Liquid chromatography

Nano LC-UltiMateTM 3000 RSLC nano System; two Column Mode: Trap Column (Acclaim PepMap C18, 3 μm, 100 Å, 75 μm × 2 cm), Analytical Column (Acclaim PepMap C18, 2 μm, 100 Å, 75 μm × 25 cm); mobile phase: A: 0.1% formic acid in water; B: 0.1% formic acid in 80% acetonitrile; gradient: 3–8% B in 6 min, 8–30% B in 102 min, 30–100% B in 8 min, 100–100% B in 4 min; flow rate: 300 nL/min.

Mass spectrometer

Thermo Scientific Orbitrap Fusion Lumos; spray voltage: 2.1 kV; capillary temperature: 300 °C; S-lens: 50%; collision energy: 32% HCD; resolution setting: first level 60,000 m/z 200, two Level 30,000 m/z 200; Max IT: full MS 20 ms, full MS/MS 54 ms; parent ion scanning range: m/z 350–1200; product ion scanning range: start from m/z 200; number of windows: 70; isolation window: adjust the variable isolation window based on the eluted peptide m/z.

Data processing and analysis

Spectronaut X system was used for DIA proteomics data analysis. Briefly, 62 samples and QC data were imported into Spectronaut X, targeted extracted with laboratory built serum proteomics database, and the remaining parameters were controlled by default to control FDR < 1% of peptide and protein levels. Protein intensity was calculated by Spectronaut from the average of the top3 peptide was exported. This protein intensity was imported into Perseus and Metaboanalyst for statistical analysis. Log2 transformation, feature filtering, missing value filling, and data normalization of raw data were done before statistical analysis. S0 0.1 and FDR p < 0.05 was used as the threshold value for differential proteins selection. PCA, cluster analysis, and correlation analysis were performed in Metaboanalyst. The up-regulated and down-regulated proteins were imported into the Protein Center (Thermo) for functional enrichment annotation of gene ontology (GO) and Kyoto Encyclopedia of Genes and Genomes (KEGG) with FDR p < 0.05. Receiver operating characteristic (ROC) curves analysis was performed using SPSS software.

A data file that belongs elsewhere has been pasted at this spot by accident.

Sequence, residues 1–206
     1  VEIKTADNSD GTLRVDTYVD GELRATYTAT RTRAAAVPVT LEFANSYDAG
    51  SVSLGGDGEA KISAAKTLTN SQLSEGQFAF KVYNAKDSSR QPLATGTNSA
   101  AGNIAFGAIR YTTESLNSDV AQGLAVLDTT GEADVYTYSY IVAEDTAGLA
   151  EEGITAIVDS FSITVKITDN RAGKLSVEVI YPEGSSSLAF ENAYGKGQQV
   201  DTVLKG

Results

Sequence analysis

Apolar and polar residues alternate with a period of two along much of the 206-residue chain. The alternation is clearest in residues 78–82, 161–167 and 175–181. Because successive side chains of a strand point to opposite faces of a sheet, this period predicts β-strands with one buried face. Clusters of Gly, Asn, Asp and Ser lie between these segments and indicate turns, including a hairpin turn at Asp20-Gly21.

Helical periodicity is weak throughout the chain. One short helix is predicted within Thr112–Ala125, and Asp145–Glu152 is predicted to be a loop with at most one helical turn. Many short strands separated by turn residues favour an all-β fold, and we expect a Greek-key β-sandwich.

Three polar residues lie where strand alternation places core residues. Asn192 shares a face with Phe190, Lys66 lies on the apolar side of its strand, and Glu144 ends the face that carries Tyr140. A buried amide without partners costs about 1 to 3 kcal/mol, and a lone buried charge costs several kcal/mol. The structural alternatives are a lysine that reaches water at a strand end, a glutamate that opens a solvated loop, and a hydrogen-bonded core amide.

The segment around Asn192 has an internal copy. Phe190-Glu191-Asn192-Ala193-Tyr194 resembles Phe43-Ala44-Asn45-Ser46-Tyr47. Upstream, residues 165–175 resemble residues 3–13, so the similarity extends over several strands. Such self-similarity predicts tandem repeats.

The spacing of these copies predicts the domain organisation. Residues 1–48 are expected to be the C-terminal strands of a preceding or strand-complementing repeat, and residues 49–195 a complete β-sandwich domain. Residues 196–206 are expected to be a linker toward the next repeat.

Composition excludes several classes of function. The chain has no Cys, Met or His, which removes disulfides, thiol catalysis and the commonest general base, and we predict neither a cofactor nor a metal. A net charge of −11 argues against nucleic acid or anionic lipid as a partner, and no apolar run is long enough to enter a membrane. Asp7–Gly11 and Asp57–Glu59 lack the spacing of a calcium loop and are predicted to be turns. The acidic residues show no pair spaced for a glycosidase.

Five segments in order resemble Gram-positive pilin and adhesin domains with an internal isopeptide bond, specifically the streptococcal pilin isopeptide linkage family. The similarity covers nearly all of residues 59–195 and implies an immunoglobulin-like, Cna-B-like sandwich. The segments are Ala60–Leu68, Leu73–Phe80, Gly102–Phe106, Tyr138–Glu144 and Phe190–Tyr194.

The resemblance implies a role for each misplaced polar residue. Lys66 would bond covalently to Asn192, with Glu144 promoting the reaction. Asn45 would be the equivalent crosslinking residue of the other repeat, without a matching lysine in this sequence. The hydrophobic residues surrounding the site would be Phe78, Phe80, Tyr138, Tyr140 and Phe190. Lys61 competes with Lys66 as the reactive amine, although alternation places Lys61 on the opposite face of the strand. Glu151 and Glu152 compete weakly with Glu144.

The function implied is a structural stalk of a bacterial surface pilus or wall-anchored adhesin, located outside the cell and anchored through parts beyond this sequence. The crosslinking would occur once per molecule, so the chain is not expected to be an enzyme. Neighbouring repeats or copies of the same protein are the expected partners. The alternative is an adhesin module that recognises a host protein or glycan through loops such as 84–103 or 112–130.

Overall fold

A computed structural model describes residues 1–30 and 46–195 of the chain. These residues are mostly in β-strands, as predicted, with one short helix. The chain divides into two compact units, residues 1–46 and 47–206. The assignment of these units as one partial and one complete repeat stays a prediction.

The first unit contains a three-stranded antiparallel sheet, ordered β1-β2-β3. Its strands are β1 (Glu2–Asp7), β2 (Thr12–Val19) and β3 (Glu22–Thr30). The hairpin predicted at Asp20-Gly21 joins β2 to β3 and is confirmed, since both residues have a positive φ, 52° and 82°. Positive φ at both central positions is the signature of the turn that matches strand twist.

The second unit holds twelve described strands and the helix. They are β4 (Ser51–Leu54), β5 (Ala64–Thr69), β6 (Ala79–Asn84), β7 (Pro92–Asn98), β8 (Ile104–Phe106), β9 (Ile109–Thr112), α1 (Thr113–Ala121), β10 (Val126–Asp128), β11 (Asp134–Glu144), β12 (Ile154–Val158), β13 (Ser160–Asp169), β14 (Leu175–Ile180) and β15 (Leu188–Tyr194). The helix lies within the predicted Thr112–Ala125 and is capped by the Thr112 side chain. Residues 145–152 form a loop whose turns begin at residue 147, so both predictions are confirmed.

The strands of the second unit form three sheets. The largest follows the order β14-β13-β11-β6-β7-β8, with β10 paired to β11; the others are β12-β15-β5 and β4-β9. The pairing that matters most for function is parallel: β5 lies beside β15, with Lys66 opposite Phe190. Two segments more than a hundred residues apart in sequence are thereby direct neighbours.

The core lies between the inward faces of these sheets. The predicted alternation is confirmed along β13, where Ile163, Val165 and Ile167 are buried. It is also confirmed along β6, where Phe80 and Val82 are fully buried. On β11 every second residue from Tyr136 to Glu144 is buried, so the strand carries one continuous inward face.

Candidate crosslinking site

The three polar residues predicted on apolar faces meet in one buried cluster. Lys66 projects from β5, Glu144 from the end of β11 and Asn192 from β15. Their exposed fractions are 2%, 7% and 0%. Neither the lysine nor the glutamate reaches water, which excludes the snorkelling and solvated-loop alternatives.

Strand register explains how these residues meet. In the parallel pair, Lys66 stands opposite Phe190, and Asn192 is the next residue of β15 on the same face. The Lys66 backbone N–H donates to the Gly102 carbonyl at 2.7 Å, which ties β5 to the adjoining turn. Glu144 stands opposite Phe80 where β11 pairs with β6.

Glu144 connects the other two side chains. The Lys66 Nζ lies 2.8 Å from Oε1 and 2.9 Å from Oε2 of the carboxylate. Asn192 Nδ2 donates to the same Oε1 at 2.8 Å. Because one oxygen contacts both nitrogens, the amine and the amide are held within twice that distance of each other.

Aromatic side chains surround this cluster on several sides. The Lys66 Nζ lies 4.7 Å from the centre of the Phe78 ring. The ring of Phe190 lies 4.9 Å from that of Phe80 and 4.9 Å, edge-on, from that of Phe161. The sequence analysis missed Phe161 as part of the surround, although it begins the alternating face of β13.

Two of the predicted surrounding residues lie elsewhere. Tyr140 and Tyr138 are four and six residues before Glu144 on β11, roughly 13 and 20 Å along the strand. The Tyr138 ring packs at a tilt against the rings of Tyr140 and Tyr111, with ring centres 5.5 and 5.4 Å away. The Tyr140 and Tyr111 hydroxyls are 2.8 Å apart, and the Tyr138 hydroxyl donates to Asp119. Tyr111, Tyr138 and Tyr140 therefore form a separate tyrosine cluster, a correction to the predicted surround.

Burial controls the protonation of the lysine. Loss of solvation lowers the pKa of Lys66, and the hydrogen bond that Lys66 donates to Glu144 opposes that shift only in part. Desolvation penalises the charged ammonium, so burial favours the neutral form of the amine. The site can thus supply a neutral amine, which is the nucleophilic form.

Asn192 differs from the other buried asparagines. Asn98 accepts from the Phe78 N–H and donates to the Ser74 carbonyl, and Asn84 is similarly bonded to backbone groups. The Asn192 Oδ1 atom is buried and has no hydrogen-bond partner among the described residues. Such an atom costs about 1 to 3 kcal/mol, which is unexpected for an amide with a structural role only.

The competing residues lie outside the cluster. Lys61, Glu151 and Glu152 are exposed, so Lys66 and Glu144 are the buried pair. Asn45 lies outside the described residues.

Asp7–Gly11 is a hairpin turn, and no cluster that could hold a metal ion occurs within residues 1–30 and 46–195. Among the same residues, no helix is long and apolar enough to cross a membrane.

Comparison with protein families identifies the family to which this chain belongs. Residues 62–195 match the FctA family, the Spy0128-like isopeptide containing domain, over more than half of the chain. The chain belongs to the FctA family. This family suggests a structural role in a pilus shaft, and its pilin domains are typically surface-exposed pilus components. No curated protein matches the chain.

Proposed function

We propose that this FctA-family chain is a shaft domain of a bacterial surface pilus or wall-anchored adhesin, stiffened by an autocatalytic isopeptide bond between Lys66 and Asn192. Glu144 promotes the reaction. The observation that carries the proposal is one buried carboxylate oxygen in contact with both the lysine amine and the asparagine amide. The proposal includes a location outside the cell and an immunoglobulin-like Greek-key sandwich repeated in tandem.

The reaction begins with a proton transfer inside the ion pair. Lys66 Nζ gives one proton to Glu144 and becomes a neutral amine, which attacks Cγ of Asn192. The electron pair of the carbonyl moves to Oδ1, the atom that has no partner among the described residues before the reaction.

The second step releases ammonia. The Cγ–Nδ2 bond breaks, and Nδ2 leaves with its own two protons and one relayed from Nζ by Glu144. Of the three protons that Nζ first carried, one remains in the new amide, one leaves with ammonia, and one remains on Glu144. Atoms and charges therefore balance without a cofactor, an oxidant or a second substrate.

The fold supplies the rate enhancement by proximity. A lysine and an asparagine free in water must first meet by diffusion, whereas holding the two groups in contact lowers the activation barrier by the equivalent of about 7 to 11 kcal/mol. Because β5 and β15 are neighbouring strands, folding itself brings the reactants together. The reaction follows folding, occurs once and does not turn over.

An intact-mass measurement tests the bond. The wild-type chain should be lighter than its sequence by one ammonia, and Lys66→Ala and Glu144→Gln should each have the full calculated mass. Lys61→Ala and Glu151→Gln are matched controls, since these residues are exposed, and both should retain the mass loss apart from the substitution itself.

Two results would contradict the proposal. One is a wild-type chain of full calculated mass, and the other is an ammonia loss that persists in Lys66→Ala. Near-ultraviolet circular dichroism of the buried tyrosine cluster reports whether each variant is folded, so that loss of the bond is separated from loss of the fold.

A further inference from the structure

Western blotting validation

Based on the former DIA proteomics results and the identified significant protein biomarkers, Western blot assay was further performed to validate the significance of biomarkers in PCOS. Serum samples were homogenized in RIPA buffer containing protease inhibitor and the protein concentration was measured using a BCA method. 10% sodium dodecyl sulphate–polyacrylamide gel electrophoresis (SDS-PAGE) was used to separate the proteins, then the proteins were electrotransferred onto the nitrocellulose (NC) membranes. After blocking with non-fat mike for 1 h and washed with Tris-buffered saline containing Tween 20 (TBST), the membranes were probed with the primary antibodies against Histone H4 (H4, Affinity, dilution 1:2000), Histone H2A (H2A, Affinity, dilution 1:1000), Trem-like transcript 1 protein (TLT-1, R&D systems, 0.1 µg/mL), Peroxiredoxin-1 (PRDX1, Affinity, dilution 1:2000), Band 3 anion transport protein (SLC4A1, Affinity, dilution 1:2000), Transferrin (Affinity, dilution 1:2000) at 4 °C over-night. And subsequently followed by incubated with horseradish peroxidase-conjugated secondary antibodies for 2 h at room temperature. Transferrin was detected as an internal reference protein [12]. Protein bands were visualized by enhanced chemiluminescence reagents and the protein intensity was quantified using Image-J software. Data was expressed as mean ± standard deviation, group comparisons were processed using the two-tailed Student’s t-test, p < 0.05 was considered as statistical significance.